Taroko National Park

The first place I was researching in Taiwan before even buying my plane ticket to move here was Taroko National Park. I was convinced by the pictures I’d seen that Taiwan had to be the most beautiful place on earth, but even the most professional nature photographer isn’t able to do the park justice. The depth and momentous size of the gorge (19km long) is what gives it an awe inspiring feel, that you can really only experience there, in-person.

From Taitung, we bypassed Hualien and got off at Xinxheng station, where we stayed in a small hostel right outside the main gate within walking distance to the visitor center. We didn’t arrive until Monday evening so we used our last two hours of remaining daylight to check out the visitor center and surrounding trails.

One full day is not enough time to see all that Taroko has to offer. The park is 92,000 hectares (over 20,000 acres) running from the eastern coastline to the Hehuan mountain range in Nantou county. It includes Hehuan, Nanhu, and Qilai mountains, along with many other smaller ranges. Unfortunately, we only had one day, so we found a way to make the most of it.

It is difficult to get around the park without your own transportation, they do have a public bus system, it is possible, but the bus is inconvenient runs infrequently and only makes stops at the main attractions. Most people drive, or take a tour bus, rent scooters, or hire a taxi for the day (you can book a spot on a tour bus at the visitor center for around 1,000NT for the day). We rented bicycles. Extreme cyclists, and we saw a few, will ride up the gorge, or through the cross mountain highway, I love biking but I’m not insane, we rented bikes from a company that drove us to the furthest western trail so that we could bike our way back down the gorge.

We began in the mid-western part of the park on the one tourist trail I had yet to do. The Wushan hot spring is “legally” off limits, but for years I have known people to go there and even the owner of the hostel suggested we go there.

From the road it is a short hike down to the river where cold and hot run side-by-side. After Li-song hot spring (In Taitung county) it was the coolest natural hot spring I’d ever seen. For us though, on a 90 degree day, it was enough just to look and skip getting into the spring.

Not more than five minutes on our bikes gliding down the road (we did very little actual peddling) was the Baiyang waterfall trail. From a tunnel next to the road, emerged a 2km trail. It followed along the river until reaching the Baiyang waterfall, and the famous waterfall curtain.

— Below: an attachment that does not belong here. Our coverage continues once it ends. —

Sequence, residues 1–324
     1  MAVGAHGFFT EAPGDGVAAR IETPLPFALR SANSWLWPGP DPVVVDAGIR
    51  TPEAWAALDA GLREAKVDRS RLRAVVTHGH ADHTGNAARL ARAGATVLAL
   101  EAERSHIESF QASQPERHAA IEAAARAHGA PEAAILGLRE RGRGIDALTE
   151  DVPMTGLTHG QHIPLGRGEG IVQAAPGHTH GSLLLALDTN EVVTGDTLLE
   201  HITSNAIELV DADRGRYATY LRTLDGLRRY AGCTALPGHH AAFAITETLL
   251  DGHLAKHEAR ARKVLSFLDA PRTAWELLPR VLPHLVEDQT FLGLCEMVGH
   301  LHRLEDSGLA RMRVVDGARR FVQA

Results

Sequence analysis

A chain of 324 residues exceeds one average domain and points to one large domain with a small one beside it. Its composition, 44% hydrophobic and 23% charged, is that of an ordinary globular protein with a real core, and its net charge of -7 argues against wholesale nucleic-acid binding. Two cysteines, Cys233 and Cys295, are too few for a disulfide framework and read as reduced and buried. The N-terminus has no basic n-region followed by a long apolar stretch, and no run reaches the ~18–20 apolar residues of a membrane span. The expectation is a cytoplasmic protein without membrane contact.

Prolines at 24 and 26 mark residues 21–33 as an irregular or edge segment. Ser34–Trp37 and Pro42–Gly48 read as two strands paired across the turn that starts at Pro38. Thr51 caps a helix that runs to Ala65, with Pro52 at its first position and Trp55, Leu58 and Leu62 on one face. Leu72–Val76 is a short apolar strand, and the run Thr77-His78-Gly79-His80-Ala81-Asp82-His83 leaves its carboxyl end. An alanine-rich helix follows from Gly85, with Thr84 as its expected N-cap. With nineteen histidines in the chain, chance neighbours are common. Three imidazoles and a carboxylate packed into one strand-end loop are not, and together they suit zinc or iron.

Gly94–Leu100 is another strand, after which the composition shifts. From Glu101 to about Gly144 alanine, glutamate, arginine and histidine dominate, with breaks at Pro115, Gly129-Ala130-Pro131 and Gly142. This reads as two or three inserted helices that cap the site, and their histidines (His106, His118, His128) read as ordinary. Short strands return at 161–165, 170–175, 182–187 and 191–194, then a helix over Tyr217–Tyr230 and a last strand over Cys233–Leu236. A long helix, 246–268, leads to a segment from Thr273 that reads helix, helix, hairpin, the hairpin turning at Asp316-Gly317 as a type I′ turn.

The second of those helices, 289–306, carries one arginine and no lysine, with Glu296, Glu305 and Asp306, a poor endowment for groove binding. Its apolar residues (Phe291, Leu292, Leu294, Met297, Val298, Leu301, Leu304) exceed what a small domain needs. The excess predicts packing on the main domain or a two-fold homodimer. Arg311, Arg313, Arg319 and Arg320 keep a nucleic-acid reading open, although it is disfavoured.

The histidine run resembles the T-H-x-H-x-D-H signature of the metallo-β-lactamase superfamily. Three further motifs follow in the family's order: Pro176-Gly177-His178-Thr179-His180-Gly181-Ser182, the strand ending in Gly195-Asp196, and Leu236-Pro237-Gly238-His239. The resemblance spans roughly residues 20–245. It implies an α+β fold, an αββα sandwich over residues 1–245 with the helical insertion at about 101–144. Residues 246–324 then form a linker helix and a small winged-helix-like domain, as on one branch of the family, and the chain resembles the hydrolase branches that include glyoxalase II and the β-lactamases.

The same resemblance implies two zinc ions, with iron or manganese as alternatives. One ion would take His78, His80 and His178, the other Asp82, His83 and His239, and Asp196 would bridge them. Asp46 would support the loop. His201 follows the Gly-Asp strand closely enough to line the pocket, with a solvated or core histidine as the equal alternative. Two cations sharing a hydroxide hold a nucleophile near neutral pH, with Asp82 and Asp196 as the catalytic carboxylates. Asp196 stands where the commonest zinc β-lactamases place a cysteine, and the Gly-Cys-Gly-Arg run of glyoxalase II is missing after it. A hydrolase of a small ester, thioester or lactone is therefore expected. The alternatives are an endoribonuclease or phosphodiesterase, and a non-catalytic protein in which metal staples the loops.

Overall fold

The waterfall curtain is a short tunnel. The breaks in the rock allow for water to pour in, in several different places so that it makes small flat falls like curtains of water. Many people bring ponchos or rain gear to walk the 50 meters (maybe less). We took off our shoes and enjoyed the refreshing curtain as I guarded my phone with my life in order to take a few dimly lit pictures.

We stopped in Taixiang for lunch (popsicles), a rest in the shade, and to check out the Buddhist temple and pagoda.

Biking along the gorge was fantastic as long as there wasn’t too much traffic, after lunch it had picked up a bit and with the heavy concentration of construction going on in the park there were a few parts that were a tight squeeze on a narrow two lane road with tour buses, cars, scooters and us.

Liushui was the last walking trail that we did for the day, one way was a little more than 1.5km and took us about 30 minutes. On this trail we were able to get a feel for the higher trails that run along the edge of the cliff and a view of the river that was not blue(or green?) as the name suggests, but a greyish steel blue because of the recent rain and marble in the water.

We stopped at a few more viewing points along the way. With the Nine Turns Trail and Swallows Grotto trail closed, we only had the Eternal Shrine and the Shakadang trail remaining. We didn’t have enough daylight to be able to complete the Shakadang trail, so we chose to make the Eternal Shrine our last stop and call it a day.

The Eternal Shrine is probably the most iconic site in the park and the major tourist stop for many visiting Taroko.

We took our pictures and did our best to avoid getting caught up in the first tourist mob we saw that day.

In one day we hit every major open destination, did it in our own time, without a tour, and enjoyed the open air of the gorge in a way that would be impossible in a closed vehicle and it only took about eight hours to do it.

The next morning, because I don’t like to leave things unfinished, especially goodbyes, I got up and ran the Shakadang trail.

From Taroko we caught the bus to the Hualien train station, where we got the train to Taipei and then back to Taichung, rounding out our one week island journey.

4 thoughts on “Taroko National Park

    • It was a great way to see the park! If you have a chance to do it again we rented bikes from Taroko Lodge and they arranged to pick us up and then dropped us at the starting point.

  1. Colleen, I can’t tell you how amazing it was to spend time with you in your little corner of the world. I learned so much from you….about the world, about life and about YOU!

    Love, love, love,

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